India's space agency breaks dry spell with its 1st rocket launch of 2020

After nearly 11 months without a rocket launch, the Indian Space Research Organization (ISRO) is back in action. The space agency successfully launched 10 satellites to orbit Saturday (Nov. 7), including a new Earth observation satellite and several smaller payloads. 

The rideshare mission lifted off Polar Satellite Launch Vehicle, dubbed PSLV-C49, from the Satish Dhawan Space Center on the island of Sriharikota, at 3:11 p.m. local time (4:41 a.m. EST; 0941 GMT). 

It was the 51st flight of India's workhorse PSLV rocket, and the second time the rocket flew in a new "DL" configuration with two solid, strap-on motors, ISRO said in a statement. The 50th PSLV mission, in December 2019, was the last time India launched a rocket before the agency went on a launch hiatus amid the global coronavirus pandemic.

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India's Polar Satellite Launch Vehicle (PSLV-C49) lifts off from the Satish Dhawan Space Center on Nov. 7, 2020, carrying the EOS-1 Earth observation satellite and nine secondary payloads. (Image credit: ISRO)

The primary payload for this launch was the EOS-1 Earth observation satellite, which is part of India's RISAT series of radar-imaging satellites. RISATs use synthetic aperture radars to provide all-weather, day-and-night images of Earth from space. EOS-1 will collect data and imagery for "applications in agriculture, forestry and disaster management support," ISRO said in the statement.

Also on board this mission were four small satellites from Kleos Space, a Luxembourg-based company that provides reconnaissance data commercially, four Lemur-2 cubesats for the American company Spire Global, and the R-2 technology demonstration satellite for the Lithuanian company NanoAvionics.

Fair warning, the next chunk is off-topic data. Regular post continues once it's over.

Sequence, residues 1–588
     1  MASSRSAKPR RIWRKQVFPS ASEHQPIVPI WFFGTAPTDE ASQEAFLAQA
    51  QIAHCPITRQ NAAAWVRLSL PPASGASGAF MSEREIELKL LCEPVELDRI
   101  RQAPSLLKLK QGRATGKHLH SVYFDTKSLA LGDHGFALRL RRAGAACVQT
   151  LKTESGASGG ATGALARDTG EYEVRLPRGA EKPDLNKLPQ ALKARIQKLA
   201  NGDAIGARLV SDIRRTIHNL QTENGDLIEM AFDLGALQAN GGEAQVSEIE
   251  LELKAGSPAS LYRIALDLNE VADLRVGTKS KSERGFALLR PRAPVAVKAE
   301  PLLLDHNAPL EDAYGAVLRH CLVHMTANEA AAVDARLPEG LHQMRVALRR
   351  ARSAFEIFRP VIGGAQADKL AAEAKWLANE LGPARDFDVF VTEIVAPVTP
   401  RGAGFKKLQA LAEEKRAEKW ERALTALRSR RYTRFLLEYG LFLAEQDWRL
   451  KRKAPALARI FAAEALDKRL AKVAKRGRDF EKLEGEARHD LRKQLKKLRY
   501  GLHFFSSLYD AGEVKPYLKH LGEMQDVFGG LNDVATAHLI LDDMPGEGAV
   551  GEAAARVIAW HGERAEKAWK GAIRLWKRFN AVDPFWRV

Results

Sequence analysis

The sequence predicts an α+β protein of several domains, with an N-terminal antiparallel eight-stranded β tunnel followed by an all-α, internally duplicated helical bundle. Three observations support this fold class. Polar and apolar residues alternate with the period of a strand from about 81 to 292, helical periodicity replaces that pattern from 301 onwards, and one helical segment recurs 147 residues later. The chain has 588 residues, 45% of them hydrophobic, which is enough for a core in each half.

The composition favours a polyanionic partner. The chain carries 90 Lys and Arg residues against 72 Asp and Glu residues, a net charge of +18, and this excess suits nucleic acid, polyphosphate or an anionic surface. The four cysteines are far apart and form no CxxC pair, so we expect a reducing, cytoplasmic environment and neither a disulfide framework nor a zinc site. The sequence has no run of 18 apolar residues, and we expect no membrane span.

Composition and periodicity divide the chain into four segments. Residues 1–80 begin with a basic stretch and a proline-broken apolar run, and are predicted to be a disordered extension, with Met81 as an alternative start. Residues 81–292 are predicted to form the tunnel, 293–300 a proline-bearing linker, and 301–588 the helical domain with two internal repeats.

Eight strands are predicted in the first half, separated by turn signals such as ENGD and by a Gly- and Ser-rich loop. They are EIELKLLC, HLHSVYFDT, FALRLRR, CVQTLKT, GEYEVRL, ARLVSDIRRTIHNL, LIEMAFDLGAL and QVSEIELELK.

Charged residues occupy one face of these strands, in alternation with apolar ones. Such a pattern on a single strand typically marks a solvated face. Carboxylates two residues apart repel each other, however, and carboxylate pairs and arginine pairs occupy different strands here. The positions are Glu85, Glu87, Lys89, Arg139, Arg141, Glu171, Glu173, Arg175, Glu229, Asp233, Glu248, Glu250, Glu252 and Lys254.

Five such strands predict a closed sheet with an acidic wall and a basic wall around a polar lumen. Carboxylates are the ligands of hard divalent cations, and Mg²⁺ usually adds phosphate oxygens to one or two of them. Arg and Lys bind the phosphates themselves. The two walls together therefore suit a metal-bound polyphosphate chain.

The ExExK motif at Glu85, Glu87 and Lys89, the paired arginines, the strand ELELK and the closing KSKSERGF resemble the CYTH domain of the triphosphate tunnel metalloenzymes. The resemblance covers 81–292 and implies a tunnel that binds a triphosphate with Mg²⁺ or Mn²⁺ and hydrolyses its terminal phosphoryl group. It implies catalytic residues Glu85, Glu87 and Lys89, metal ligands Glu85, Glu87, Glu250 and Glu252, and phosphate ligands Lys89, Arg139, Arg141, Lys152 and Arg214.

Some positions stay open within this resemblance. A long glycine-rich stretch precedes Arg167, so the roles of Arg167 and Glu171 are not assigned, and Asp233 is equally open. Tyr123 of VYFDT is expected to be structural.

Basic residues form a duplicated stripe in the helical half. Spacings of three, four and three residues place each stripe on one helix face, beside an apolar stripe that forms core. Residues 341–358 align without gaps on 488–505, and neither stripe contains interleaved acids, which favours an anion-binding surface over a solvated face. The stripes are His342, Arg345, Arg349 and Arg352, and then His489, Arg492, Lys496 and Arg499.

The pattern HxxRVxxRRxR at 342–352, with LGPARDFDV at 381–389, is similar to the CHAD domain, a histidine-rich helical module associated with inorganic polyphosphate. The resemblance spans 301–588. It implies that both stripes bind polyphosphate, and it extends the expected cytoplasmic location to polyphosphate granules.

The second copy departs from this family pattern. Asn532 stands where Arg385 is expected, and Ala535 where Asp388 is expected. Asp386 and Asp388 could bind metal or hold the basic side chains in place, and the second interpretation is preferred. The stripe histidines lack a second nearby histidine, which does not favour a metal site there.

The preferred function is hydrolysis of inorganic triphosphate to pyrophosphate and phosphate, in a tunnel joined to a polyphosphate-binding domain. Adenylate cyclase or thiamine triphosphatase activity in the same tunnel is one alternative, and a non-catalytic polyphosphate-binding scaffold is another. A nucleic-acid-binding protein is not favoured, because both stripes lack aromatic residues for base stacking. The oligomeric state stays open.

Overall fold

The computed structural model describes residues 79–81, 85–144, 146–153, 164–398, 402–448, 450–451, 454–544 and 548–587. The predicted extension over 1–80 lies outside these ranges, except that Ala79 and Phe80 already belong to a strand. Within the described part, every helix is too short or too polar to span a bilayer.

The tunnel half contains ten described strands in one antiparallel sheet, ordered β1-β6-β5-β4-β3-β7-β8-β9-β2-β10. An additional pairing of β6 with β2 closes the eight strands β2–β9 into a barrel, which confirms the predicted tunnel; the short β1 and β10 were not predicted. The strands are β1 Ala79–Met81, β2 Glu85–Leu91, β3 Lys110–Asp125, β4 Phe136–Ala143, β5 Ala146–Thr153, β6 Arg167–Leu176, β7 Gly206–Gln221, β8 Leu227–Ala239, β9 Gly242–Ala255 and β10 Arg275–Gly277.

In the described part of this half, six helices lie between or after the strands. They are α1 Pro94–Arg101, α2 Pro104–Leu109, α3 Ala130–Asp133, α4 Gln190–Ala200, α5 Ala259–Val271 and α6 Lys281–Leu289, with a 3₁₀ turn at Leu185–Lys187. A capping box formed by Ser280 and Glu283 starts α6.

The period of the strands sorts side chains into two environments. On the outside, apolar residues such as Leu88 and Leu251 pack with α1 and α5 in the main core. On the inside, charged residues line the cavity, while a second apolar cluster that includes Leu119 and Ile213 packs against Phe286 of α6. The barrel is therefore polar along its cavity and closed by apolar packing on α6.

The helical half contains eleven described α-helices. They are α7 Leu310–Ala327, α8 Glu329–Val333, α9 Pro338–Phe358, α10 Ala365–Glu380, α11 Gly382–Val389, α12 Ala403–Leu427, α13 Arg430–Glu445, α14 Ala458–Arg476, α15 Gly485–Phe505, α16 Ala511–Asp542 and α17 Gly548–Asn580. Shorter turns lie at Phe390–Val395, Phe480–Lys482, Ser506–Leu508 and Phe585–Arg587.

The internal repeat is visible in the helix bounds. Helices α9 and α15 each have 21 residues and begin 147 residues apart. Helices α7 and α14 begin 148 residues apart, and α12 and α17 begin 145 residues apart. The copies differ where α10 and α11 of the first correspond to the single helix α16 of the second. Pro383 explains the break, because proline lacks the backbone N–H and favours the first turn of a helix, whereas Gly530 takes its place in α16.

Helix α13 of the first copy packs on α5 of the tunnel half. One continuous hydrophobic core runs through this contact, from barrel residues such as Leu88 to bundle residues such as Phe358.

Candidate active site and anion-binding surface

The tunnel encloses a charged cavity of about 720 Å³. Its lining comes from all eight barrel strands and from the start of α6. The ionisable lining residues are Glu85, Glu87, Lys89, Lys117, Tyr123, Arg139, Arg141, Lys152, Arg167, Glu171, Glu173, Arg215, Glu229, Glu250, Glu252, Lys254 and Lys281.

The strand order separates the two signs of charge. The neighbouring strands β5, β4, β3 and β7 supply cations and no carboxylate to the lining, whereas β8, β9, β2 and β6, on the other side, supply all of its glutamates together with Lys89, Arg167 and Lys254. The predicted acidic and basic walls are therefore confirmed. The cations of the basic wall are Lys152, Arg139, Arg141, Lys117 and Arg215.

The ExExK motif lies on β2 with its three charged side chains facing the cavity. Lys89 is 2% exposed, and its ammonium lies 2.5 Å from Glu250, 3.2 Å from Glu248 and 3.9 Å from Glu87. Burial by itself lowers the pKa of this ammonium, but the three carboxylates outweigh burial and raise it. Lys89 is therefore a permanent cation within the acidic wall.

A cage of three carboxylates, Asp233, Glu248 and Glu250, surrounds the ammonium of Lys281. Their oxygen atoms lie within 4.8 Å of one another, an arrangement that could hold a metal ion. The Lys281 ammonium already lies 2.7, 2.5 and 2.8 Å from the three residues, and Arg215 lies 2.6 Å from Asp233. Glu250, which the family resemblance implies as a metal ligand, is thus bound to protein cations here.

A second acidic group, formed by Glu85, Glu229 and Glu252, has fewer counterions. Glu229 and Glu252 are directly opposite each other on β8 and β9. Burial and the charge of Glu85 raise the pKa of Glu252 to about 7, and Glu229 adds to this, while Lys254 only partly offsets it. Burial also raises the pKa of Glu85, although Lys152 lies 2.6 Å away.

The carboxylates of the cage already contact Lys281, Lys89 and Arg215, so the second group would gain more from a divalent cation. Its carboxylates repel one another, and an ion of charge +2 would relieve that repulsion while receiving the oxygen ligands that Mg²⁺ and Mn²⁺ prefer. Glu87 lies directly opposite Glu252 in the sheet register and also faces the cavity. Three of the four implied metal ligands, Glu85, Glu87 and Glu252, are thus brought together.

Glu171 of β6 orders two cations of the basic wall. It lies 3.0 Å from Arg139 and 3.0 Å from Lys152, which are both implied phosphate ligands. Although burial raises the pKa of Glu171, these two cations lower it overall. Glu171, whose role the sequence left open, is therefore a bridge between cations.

With its first launch of 2020 under the belt, ISRO is aiming to launch one more mission before the end of the year. ISRO is currently preparing to launch the GSAT-12R communications satellite sometime in December, according to Space News. That launch will use another variant of the PSLV rocket, called PSLV-XL, which has larger strap-on boosters. 

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Hanneke Weitering
Contributing expert

Hanneke Weitering is a multimedia journalist in the Pacific Northwest reporting on the future of aviation at and Aviation International News and was previously the Editor for Spaceflight and Astronomy news here at As an editor with over 10 years of experience in science journalism she has previously written for Scholastic Classroom Magazines, MedPage Today and The Joint Institute for Computational Sciences at Oak Ridge National Laboratory. After studying physics at the University of Tennessee in her hometown of Knoxville, she earned her graduate degree in Science, Health and Environmental Reporting (SHERP) from New York University. Hanneke joined the team in 2016 as a staff writer and producer, covering topics including spaceflight and astronomy. She currently lives in Seattle, home of the Space Needle, with her cat and two snakes. In her spare time, Hanneke enjoys exploring the Rocky Mountains, basking in nature and looking for dark skies to gaze at the cosmos.